Musings 9/7/17: What Exactly is Diversity in Writing?

It’s called Diverse Voices, Own Voices or Marginalized Voices and more recently BAME – I just saw this for the first time yesterday so really, I don’t know how long this has been in use but if I’m using the right definition according to it is, BLACK, ASIAN & MINORITY ETHNIC.  It’s called many things but what exactly do they mean?

I see that raised eyebrow.  Read a bit further before you come to a conclusion.

I asked the question on FaceBook.  Here is the original post:

I’m planning a Musing on the subject but first I would like the opinion of my fellow authors. With your permission, I would like to use your comments in my post. Question to ponder: What do you think agents/editors mean when they say they want *diverse voices*? What does *diverse voices* mean to you?

**Addition 7:23 pm** – What does this mean for speculative fiction?

Two of my FB friends were kind enough to provide their opinion in the matter:

Rhi Etzweiler commented, “Not a narrow cross section of any given culture or social class. Diversity and divergent characters. Voices that aren’t all thinking alike, parroting one another. Exploration of alternative perspectives, regardless of where the focal point stands.”

“For speculative fiction, I’d take “diverse voices” to mean a challenge to explore that which isn’t mundane and familiar to society and culture as humanity manifests it. Outside the comfort zone, way outside the box. Something profound, alien, challenging, to even the outlier perspectives of contemporary society.”

Jamie Harmon Nare commented, “Own voices stories – authors who write stories from their experience be they people of color or LGBTQ or have suffered with mental illness. But also, what Rhi Etzweiler said. I was trying to think of examples but all of the ones I come up are YA like The Hate U Give by Angie Thomas or Piecing Me Together by Renee Watson.”

It seems that’s the big thing nowadays and I want to be certain that I’m understanding the concept as it can be interpreted, I believe, in a number of ways.  It seems all agents, editors and publishers want these types of works – well that and young adult.  I’ve always believed that any author should write for themselves first and then for the readers, agents, publishers and so on.  For this Musing, I’m focusing on literary agents, since I’m currently searching for one.

All of the information you see is taken from the Manuscript Wish List or agent sites and social media pages and all quotes have the agent information attached to them.  It is not my attention to plagiarize anything, however, these words are a part of their submission guidelines which are meant to be read by all.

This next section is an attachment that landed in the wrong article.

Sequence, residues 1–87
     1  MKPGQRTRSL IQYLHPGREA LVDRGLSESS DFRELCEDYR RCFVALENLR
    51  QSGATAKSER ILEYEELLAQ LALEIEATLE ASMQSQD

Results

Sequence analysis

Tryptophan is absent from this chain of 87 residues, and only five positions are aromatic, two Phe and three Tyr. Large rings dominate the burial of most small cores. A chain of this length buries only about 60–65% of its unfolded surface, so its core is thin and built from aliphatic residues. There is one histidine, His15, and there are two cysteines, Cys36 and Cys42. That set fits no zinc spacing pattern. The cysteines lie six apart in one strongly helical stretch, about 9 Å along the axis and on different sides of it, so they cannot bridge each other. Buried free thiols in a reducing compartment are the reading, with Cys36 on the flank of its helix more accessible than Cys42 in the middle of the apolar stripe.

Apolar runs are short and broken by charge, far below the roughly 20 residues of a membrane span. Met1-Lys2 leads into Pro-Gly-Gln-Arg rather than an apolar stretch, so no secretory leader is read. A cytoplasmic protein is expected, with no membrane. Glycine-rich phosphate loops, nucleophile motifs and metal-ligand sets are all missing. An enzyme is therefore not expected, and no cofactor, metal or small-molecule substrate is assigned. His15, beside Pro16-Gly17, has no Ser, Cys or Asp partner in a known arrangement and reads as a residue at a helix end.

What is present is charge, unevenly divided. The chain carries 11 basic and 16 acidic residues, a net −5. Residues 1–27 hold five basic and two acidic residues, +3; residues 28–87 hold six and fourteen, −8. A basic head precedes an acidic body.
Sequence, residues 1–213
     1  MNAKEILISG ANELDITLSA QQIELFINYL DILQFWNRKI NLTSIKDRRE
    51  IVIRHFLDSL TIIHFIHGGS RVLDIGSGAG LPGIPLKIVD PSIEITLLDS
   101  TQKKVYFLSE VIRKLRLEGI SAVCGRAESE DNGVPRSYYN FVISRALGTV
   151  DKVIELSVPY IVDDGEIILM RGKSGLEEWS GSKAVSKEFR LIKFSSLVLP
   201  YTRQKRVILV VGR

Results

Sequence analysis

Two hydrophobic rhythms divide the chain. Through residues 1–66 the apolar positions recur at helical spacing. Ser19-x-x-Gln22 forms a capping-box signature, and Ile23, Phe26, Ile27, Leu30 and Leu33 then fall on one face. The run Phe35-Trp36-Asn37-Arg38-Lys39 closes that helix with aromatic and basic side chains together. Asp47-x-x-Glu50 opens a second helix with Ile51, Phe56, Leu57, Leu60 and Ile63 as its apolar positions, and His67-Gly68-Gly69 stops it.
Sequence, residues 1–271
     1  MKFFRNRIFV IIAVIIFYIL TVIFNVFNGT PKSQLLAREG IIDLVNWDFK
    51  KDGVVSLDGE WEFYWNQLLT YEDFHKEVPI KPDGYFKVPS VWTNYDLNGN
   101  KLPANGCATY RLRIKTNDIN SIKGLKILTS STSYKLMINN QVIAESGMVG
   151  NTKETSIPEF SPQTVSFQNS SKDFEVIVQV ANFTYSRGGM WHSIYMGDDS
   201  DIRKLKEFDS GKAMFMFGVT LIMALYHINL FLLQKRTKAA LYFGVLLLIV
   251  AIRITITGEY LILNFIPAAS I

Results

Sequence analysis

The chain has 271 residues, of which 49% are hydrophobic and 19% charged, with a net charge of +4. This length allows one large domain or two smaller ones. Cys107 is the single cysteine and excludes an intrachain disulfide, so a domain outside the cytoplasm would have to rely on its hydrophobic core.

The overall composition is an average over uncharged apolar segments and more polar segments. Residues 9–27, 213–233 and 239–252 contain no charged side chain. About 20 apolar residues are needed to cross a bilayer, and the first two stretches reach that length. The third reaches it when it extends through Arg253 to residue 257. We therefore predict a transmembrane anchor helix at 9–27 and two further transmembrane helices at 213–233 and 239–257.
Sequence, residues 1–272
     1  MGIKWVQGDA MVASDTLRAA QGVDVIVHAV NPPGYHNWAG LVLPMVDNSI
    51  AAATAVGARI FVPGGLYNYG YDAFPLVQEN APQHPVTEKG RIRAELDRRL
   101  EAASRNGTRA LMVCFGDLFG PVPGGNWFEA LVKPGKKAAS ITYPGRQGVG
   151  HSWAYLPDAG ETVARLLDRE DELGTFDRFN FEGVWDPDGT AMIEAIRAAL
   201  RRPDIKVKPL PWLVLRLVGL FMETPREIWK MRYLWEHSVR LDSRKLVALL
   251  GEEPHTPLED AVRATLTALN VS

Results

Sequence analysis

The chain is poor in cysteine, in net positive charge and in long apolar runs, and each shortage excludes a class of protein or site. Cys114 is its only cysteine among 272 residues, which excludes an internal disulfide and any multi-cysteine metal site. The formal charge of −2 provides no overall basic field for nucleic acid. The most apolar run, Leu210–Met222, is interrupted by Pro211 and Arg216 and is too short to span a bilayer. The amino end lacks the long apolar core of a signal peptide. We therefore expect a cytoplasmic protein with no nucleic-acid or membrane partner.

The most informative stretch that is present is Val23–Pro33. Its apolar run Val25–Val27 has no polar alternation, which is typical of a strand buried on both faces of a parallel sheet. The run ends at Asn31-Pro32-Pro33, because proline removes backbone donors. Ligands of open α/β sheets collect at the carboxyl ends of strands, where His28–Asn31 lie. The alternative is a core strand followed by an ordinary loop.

A few of the things I’ve seen:

“Actively looking for: BAME and #ownvoices authors across all ages and genres…”

Alice Sutherland-Hawes

Madeleine Milburn Literary Agency

 “I am particularly interested in OwnVoices (Indigenous, African/African American, Asian, Latino/a/x, Muslim and other religious minorities, people with disabilities*, Multiracial/Multicultural, LGBTQ, etc) and Inclusive Narratives…”

Quressa Robinson

D4EO Literary Agency

I must note that Ms. Robinson has very specific examples for what she would like to see, which you can also view on the Manuscript Wish List.  Explanations like that are of great help, as it leaves no doubts as to what she is looking for.  The excerpt there is from her Tumbler page.

“Diversity in genre fiction is dear to Tricia’s heart.  As an agent, Tricia wants to represent authors who reflect diversity and cultures in their work.”

Tricia Skinner

Fuse Literary

“I want books by marginalized creators.”

“…breaking away from traditional Western tropes and archetypes.”

Jessie Devine

D4EO Literary Agency

Ms. Devine (I love that name!) is specific as well.  Why am I including her comment about Western tropes?  I’ll get into that a bit later.

“Monica is serious about the fact that We Need Diverse Books and is looking for authentic representation of all characters, diverse or otherwise.”

Monica Odom

Bradford Literary Agency

When I first started seeing these words, I wondered did it mean works written by people of color about people of color?  So as a Black woman I’m already covered?  Anything I write would be considered diverse?  Or are they saying in order to be truly diverse, I can only write about subjects that are related to my heritage and background?  I’ll touch on why that’s not something I want to do, later.  Is it the same for Hispanics, Asians, Native Americans and every other culture in the world?  I don’t know about anyone else but this prospect makes me feel a bit awkward and uncomfortable.  Or maybe I’m just reading too much into it?  If this is a case then as a Black woman, I would have to write the next, The Hate U Give in order to have agents consider me as writing with a diverse voice?  I’ve seen many agents reference this particular work when saying what it is they want.

But what if I don’t want to write something like that?

It’s real life, you say?  Don’t I want to write about real life?


Why?  Because I’m at an age where I’ve lived through and seen some effed-up s*** happen, so no I DON’T want to write about real life.  Most of it I’m trying to forget, which isn’t easy and those instances have had a profound effect on me.

Hence my love for fantasy.  It’s an escape.  That’s why it exists and that is NOT a bad thing.  I enjoy reading about and creating people, places and things not known to the mundane world.  For just a little while I get to relax and let my mind be filled by my words or the words of someone else.